The two principal government witnesses in the legal case that will determine the future of the Ramu nickel mine have tragically died.
Wesley Irima, Manager of Environment and Compliance in the Mineral Resource Authority died on 30 March 2010. This was just a week after he swore an affidavit that revealed the environmental permit for the Chinese State owned Ramu mine only allows the tailings disposal system to be operated if it causes no environmental harm.
Kelly Gawi, Deputy Director in the Department of Conservation, and the Departments only witness in the Ramu case, died on April 18, 2010. He was the public servant in charge of all the Ramu mine’s dealings with DEC. He had, shortly before his death, signed an affidavit that revealed DEC never required an Environmental Impact Assessment to be done on the Ramu mine’s tailings disposal plan, even after it had been advised by its own experts that one was necessary.
Nobody has suggested there was any foul play in the deaths of either man. But it is a fact that the two most senior public servants directly involved in the technical issues surrounding the granting of permission for the Ramu mine to dump 100 million tons of mine waste in the sea are both dead. It is a fact that both men died after landowners issued court proceedings challenging the government permitting process. It is also a fact that both men died within weeks of signing affidavits that revealed interesting new information about that permitting process.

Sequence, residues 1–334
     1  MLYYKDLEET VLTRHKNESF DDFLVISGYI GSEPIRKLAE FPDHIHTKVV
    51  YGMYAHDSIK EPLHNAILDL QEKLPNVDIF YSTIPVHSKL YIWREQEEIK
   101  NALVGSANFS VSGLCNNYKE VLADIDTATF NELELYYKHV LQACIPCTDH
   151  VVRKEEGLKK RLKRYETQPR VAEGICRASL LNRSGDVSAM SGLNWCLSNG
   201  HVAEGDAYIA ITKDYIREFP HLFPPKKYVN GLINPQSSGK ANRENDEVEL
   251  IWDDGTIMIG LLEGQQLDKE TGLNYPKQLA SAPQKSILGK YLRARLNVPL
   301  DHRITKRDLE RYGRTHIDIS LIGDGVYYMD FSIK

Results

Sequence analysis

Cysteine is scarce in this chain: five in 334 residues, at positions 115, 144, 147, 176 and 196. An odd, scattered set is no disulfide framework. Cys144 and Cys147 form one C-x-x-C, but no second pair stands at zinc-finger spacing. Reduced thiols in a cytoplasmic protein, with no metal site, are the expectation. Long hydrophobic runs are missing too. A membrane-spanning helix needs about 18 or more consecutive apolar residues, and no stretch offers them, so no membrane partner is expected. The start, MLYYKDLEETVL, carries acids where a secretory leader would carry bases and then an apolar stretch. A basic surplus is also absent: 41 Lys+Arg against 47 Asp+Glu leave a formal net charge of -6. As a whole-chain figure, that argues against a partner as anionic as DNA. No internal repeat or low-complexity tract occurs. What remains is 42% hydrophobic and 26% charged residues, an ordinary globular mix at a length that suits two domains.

Conspiracy theorists will, no doubt, also remember the tragic death of the head of the Lutheran Church, Dr Wesley Kisagung, in 2008. Dr Kisagung died while spearheading the church’s campaign against the marine tailings disposal plan. Shortly before his death he had called on the Prime Minister, Michael Somare, to publicly respond to an independent scientific report that threw doubt over assertions the tailings dumping plan was safe.